We dream of adventures in far away places. The majesty of watching the sun set over an endless ocean from a tucked away campground.
Of endless forests, whose trees stretch endlessly up towards the heavens…
Of the quiet lake tucked away in the mountains…
The wide open rugged terrain of Earth’s most pristine mountain ranges…
Adventures on both land and water…
And, in my case, the continuous smell of fresh air from the comfort of a bicycle seat!
Sometimes, however, life, as in some combination of events both major and minor, forces our attention elsewhere. By elsewhere, I mean to other aspects of our lives.
Springtime can actually be that time of year for a lot of people. The most common activities people take part in tend to either be winter activities, such as skiing, or summer activities that require consistent relatively pleasant weather. Springtime can be pleasant, but can also produce weather that is quite volatile.
Our most precious resources can be crudely generalized as time and money. It has often been said that a person’s values and priorities can be revealed not through their words, but their actions, in the form of how they chose to spend their time and money. Travel, at lest the kind of travel featured in blogs, magazines, and on TV shows, tends to be quite exhaustive of both time and money.
While there are people who value travel and people who don’t, even amongst people who value travel, there are times when these resources simply have to go elsewhere. I am in the midst of one of those time periods, where the large sums of money, and the large blocks of time just need to be used in other capacities.
Fortunately, not all experiences require large sums of money and large amounts of time. While not everybody is lucky enough to live within a 45 minute bike ride of a place that can feel majestic on a warm spring day.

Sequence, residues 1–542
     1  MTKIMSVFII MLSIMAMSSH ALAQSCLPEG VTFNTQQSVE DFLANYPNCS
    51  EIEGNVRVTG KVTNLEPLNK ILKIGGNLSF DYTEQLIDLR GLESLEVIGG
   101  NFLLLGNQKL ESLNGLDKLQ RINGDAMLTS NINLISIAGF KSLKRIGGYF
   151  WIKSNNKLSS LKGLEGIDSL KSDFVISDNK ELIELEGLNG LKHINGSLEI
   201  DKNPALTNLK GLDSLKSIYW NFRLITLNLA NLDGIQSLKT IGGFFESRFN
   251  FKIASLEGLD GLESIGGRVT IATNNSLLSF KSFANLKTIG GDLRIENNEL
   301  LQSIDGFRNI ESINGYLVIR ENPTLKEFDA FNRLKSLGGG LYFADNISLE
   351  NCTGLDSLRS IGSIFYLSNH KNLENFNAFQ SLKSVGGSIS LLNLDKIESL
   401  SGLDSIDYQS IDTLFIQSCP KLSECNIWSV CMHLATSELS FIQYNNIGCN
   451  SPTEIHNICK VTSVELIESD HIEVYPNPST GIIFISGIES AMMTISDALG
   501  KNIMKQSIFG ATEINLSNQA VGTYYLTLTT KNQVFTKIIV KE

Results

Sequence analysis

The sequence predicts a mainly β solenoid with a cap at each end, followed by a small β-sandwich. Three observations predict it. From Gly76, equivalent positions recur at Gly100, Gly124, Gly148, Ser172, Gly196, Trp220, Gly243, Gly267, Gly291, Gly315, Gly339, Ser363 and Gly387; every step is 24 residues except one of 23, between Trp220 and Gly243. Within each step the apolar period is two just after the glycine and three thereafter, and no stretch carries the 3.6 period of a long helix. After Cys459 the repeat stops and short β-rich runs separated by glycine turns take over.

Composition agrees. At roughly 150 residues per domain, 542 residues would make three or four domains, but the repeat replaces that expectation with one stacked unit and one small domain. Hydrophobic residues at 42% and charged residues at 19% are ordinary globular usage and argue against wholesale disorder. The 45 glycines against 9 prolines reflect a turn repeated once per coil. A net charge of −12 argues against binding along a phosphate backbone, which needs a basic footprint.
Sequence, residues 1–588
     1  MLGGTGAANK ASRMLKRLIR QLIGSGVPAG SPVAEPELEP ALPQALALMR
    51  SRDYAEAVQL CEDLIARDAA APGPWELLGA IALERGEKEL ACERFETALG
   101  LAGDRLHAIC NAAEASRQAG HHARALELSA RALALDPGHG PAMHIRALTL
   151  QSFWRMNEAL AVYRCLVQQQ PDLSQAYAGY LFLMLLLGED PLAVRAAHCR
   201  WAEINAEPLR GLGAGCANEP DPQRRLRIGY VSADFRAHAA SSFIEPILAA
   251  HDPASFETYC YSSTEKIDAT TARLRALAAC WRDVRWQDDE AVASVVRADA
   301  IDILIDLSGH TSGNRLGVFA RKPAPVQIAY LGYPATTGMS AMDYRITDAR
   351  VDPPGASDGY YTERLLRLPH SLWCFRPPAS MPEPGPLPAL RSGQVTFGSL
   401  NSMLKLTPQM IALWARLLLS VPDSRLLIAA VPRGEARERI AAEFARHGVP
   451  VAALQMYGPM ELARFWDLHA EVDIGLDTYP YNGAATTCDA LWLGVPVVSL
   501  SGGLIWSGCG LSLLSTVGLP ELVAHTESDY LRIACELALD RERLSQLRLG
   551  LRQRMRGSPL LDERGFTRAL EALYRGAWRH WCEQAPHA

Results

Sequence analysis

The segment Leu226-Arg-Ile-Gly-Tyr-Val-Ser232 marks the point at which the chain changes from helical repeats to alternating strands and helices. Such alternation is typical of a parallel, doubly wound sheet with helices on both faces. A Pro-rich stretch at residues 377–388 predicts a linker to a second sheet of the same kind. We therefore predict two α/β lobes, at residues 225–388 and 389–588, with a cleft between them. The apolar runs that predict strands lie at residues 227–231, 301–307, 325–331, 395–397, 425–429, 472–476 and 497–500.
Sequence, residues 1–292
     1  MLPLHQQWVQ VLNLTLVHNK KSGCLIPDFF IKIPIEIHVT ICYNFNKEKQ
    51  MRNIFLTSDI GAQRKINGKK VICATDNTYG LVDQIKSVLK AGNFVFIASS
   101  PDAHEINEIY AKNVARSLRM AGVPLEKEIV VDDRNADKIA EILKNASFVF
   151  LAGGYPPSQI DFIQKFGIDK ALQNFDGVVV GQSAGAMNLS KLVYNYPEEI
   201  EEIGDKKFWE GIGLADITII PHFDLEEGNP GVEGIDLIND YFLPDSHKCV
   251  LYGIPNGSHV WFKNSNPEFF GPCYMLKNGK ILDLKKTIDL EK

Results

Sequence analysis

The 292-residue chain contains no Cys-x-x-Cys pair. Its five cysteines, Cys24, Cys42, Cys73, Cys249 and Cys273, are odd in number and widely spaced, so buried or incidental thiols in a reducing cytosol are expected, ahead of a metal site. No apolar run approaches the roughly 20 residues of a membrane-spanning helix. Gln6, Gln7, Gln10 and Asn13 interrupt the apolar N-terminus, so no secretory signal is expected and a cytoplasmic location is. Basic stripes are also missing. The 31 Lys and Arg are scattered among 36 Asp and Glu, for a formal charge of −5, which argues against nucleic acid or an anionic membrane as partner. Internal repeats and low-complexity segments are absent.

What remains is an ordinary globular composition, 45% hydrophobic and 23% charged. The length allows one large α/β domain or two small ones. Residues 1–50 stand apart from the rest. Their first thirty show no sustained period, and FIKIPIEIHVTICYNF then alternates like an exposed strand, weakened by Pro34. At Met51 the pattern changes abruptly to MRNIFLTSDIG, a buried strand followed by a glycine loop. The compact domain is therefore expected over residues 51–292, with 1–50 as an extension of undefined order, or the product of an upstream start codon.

There is something picturesque about everyone’s home town.
Wherever you live, there is something to be admired, there is an experience to savor and a scene to soak in, at the right time, from the right vantage point, so long as we all stay mindful.
My “offseason” consisted of activities that are less exhaustive of both time and money.
Some were bike rides to nearby places that had become so familiar, their beauty had become almost lost. Two years ago I had said that no matter how many times I ride the route 36 bike trail between Denver and Boulder, I would always stop at the Davidson Mesa overlook, even if I am not in need of rest. I broke that policy last week, which would later serve to me as a reminder that the familiar does not cease to be wonderful!
Others were trips to state parks within 60 miles, an hour’s drive or a three hour bike ride, of Denver.
On a day with unpleasant weather, I checked out the Dead Sea Scroll exhibit at the Museum of Nature and Science, technically walking distance from my home.
Nicer days brought me to places like the Cheyenne Botanical Gardens…
Or even just to my own back yard to plant a garden.
All, this, along with the other random activities I took part in around town
was certainly not enough to fend off the wanderlust, the ever present desire to get out and, see more places, witness more events, and travel somewhere new. However, an off-season, a change of pace of sorts, from time to time, might not necessarily be a bad thing.
According to Tony Robbins, there are six basic human needs.
Travel is a great way to meet some of these needs, particularly variety, growth, and connection to nature. However, with the exception of the few people who travel for a living happily, some of us need to stick closer to home to meet the rest.
In particular, I can see how consistently being in a different place can actually be a hindrance, or an additional challenge, when it comes to making an nourishing friendships.
As well as growing professionally.
And, well, when it comes to developing a career (if travel itself is not the career that is), accomplishing something.
I can’t say I welcomed this season of my life, needing to direct my energies towards pursuits that feel less exciting and unique, and more like everyday life. However, after a couple of months, I now see why it is periodically necessary. The wanderlust isn’t gone. On the contrary, it probably gets worse every day. However, life is about balance, and when we get out of balance, bad things can occur. Just because I feel like far too many people have settled for the mundane, and less than I feel they are worth, does not mean it isn’t possible to fall out of balance in the other direction.